Business, trade, and craft associations, broadly speaking, have been around as long as business has existed. They were not only common but government-monitored institutions during the Roman empire and, in the form of guilds, represented one of the more important organizational forms of mediaeval business activity, serving later as launching pads for the development of major sectors in the industrial age. The phrase "entrepreneurial network," however, is of recent origin and represents yet another form of association reflecting the popularity of "networking," a subject discussed in detail elsewhere in this work under that name. The emphasis in what now follows, particularly the examples cited, will be on the newly emerging form.
BENEFITS OF NETWORKING FOR THE ENTREPRENEUR
Commercial exchange is, by definition, a social activity. It involves exchange between at least two people. "No man is an island, entire of itself," as John Donne said. Nor is a business self-sufficient. A business is a social creature, "a part of the main." A company's reach, power, and effectiveness grows in proportion to is connectedness. Start-up firms often begin with a limited network. For the entrepreneur starting a business, entrepreneurial networks offer genuine benefits. Foremost among these are opportunities to build relationships. Such relations need not necessarily be with people narrowly linked to business. Any and all relationships help—but those with peers are more valuable. By cultivating membership in a peer network, a new entrepreneur can learn a great deal from others daily facing the same problems. Networking of this sort can also provide a new business owner with the chance to get a first hand look at potential service providers and/or help to combat the sense of isolation that often comes with starting a company.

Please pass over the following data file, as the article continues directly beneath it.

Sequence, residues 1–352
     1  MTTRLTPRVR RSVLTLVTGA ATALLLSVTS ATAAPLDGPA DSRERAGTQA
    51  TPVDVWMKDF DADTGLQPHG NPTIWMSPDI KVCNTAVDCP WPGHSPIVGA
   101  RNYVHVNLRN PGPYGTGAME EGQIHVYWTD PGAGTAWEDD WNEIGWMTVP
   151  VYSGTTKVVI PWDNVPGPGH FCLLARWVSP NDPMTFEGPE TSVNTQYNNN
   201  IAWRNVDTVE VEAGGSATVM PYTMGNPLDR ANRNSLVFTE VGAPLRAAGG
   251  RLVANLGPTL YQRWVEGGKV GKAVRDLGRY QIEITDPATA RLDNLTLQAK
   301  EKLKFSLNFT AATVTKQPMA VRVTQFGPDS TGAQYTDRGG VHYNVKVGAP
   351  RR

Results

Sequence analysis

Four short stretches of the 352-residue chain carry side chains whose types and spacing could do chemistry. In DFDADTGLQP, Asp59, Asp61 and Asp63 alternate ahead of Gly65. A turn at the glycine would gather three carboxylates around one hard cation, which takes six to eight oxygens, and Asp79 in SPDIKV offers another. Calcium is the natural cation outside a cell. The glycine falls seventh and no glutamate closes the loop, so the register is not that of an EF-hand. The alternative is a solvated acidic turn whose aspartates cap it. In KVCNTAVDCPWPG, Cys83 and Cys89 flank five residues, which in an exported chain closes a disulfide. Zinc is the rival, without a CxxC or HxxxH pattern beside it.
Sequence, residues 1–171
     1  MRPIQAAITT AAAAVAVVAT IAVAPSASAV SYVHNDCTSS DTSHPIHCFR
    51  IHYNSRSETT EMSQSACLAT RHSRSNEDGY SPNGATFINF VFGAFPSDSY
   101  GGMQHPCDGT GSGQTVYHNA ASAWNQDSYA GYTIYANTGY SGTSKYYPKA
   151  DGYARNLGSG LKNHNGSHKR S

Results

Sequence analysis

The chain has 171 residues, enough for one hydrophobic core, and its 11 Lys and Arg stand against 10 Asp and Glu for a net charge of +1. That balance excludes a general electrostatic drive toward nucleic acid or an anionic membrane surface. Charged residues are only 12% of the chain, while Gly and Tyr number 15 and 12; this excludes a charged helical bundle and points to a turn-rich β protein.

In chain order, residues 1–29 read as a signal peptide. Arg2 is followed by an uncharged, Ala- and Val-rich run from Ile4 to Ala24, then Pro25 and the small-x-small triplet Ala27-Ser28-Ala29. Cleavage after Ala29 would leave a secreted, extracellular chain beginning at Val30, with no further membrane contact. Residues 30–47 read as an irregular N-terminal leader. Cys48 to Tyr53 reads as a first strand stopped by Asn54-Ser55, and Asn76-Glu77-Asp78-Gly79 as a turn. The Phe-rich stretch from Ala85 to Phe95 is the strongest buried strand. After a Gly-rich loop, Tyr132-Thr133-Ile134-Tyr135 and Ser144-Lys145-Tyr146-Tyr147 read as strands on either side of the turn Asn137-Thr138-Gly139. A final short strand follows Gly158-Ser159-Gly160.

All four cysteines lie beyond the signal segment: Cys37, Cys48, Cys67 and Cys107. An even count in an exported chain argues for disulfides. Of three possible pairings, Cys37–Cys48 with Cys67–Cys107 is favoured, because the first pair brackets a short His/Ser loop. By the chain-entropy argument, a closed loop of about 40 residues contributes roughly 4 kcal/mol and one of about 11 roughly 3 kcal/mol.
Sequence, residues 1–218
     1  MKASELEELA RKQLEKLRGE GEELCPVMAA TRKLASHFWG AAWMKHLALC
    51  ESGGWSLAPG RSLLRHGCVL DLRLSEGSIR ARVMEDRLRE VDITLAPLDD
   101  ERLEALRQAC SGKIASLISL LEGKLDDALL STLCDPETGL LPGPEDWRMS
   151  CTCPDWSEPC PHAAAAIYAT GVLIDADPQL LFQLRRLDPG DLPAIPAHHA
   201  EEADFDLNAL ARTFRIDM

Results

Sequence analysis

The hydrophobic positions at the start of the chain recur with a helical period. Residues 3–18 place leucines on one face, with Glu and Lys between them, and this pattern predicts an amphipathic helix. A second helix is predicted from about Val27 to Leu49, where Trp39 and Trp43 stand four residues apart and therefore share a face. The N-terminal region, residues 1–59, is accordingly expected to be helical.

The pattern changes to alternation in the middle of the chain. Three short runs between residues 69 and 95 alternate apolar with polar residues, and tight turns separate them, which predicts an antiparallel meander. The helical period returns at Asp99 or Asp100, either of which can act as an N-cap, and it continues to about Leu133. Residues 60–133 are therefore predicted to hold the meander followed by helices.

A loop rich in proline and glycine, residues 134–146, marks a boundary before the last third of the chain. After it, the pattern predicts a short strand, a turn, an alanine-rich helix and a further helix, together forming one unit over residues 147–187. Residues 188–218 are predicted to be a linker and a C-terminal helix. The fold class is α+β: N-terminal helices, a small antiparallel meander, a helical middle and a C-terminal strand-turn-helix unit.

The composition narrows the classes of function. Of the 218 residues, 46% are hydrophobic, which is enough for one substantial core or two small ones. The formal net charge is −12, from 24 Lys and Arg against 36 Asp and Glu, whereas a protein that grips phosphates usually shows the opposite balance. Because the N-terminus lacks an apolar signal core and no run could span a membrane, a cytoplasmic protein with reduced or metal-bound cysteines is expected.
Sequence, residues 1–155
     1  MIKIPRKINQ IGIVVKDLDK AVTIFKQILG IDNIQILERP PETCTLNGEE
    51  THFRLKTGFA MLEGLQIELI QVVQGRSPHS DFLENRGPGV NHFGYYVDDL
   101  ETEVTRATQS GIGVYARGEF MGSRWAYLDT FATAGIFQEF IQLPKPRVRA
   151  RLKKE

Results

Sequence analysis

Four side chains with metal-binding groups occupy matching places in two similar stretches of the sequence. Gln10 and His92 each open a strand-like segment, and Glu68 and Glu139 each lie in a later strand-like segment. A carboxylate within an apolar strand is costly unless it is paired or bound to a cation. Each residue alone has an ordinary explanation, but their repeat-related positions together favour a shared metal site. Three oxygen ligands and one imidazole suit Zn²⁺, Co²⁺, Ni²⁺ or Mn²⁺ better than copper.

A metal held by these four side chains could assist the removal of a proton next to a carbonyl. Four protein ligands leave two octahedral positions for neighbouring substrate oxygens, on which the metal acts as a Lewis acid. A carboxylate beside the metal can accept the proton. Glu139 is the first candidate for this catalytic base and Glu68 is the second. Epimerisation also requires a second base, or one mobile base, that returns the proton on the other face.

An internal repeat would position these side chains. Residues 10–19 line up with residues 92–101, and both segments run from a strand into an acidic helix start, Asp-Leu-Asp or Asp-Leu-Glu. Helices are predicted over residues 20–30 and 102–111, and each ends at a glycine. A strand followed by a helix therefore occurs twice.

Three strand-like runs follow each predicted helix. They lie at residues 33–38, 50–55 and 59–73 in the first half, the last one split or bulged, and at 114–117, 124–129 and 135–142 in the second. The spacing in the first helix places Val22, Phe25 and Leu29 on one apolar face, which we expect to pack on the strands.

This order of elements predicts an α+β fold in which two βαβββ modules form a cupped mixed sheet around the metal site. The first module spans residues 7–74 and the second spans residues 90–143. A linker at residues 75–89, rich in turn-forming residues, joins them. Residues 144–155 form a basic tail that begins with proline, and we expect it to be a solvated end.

As a business develops, the challenges it faces also tend to grow. The founder of a growing business is likely to be looking for different benefits from networking than he or she did during the start-up phase. The social and peer-to-peer advisory aspects of an entrepreneurial network often become secondary to more strategic networking objectives. The new objectives may be to build business alliances, to find new investors and/or partners, to get first hand reviews of potential service providers, or to search for somebody with a particular area of expertise who can be hired.
Entrepreneurial networks start with the entrepreneur's established web of relationships—with family and with friends. Religious, avocational, and social linkages belong to this category from the outset. People in such groups can provide an unexpected source of information or contacts that may be helpful in some aspect of a business's development. The informal aspects of such networks often mean they are taken for granted; their value as a network is not appreciated; in most cases, consequently, they're not exploited to the full. Although nobody much likes a person who has a one-track mind and who attempts to "do business" in inappropriate venues, it is useful to make informal networks work for a business purpose by simply being informative about one's business needs and open to the suggestions and the expertise of others.